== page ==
Instead of aiming for an “ideal” weight, try to achieve a healthier weight. What is considered an ideal weight for someone your same height may not take into account some very important aspects, such as your build (whether your bones are small or large), your body type, or whether you suffer from an obesity-related disease.
Furthermore, the so-called ideal weight does not take into account where the excess weight is distributed. People with an “apple body” (with excess fat located around the abdomen) are at higher risk of heart disease, thrombosis or stroke, high blood pressure (high blood pressure), and diabetes (blood sugar) than people with a “pear” body, in which the fat is located around the buttocks and thighs.
Whether you have an obesity-related disease also determines how much you should weigh. If you have high blood pressure, hypercholesterolemia (high cholesterol), type II diabetes, arthritis, and if you snore with interruptions in breathing or if someone in your family has died at a young age from heart disease, you will need to do more to control your weight, than someone without one or more of these conditions.
After considering all of these factors, set more realistic expectations for your weight loss. Good news: Even moderate reductions (5 to 10% of your current weight) provide real health benefits with respect to blood pressure, cholesterol levels, and other risk factors for disease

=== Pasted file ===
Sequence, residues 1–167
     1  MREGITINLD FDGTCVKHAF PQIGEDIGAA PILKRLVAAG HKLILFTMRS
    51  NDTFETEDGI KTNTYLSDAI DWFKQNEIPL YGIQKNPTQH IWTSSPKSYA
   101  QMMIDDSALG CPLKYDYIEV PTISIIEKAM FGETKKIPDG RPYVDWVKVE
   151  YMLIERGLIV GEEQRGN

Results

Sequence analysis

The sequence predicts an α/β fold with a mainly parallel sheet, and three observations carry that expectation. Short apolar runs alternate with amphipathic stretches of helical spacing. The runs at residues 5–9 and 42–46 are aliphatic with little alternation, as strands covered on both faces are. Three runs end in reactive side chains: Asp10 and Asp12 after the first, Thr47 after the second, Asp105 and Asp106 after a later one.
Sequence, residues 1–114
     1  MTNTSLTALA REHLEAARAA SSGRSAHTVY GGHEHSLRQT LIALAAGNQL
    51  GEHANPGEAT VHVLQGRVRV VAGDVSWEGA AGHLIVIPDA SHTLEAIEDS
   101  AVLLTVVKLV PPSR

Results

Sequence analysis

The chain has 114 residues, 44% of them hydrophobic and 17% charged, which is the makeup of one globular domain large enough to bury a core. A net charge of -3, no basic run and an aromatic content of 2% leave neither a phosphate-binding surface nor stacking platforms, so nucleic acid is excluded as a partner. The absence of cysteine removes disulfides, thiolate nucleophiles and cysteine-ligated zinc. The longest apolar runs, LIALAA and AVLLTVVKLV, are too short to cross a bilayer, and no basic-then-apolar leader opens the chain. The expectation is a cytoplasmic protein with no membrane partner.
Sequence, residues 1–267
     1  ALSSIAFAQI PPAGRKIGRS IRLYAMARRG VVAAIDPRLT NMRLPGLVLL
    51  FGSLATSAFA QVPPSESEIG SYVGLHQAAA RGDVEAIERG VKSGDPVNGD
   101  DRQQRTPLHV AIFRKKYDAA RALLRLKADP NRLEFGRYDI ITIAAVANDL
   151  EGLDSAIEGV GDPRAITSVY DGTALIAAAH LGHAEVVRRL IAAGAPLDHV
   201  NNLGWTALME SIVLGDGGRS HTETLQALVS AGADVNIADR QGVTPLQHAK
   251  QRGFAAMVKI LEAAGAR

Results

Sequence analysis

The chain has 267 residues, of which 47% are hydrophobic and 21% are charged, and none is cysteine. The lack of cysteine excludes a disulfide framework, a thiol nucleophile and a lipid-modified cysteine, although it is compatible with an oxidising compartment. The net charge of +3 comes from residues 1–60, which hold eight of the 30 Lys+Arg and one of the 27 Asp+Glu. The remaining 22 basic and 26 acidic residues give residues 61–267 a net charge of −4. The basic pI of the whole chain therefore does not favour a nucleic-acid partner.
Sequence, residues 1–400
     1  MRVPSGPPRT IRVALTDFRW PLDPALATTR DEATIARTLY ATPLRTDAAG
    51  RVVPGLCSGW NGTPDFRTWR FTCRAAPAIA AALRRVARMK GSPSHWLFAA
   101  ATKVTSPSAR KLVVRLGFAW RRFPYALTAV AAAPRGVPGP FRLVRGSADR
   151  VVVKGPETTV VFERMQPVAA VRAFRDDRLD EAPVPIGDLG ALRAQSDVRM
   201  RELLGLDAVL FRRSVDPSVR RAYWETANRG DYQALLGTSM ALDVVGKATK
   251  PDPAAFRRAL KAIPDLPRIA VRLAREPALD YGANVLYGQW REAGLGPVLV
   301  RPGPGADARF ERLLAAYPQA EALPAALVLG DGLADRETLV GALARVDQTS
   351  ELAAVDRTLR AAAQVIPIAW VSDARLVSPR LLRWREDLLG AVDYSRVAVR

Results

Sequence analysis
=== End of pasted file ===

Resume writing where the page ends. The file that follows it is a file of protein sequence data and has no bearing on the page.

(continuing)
In the long run, crash diets don’t work. Diets that are too strict are like a daily punishment for most people. You simply cannot stick to a diet that makes you feel hungry all day long. Additionally, losing weight too quickly can cause you to lose muscle as well as fat.
Obesity is a long-term disease that requires lifelong care of eating habits, exercise and other habits. After doing so, it is natural that you will lose weight or at least keep it stable. Any lasting change must happen in small steps. Methods to lose weight quickly are usually followed by rapid weight recovery, because eating or exercise habits are not modified.
A healthy habit is to have breakfast, lunch and dinner every day. Try to eat at least 25% of your total daily calories at each meal. This will help you have a good appetite before each meal, which usually doesn’t happen when you skip some meals and overeat at others.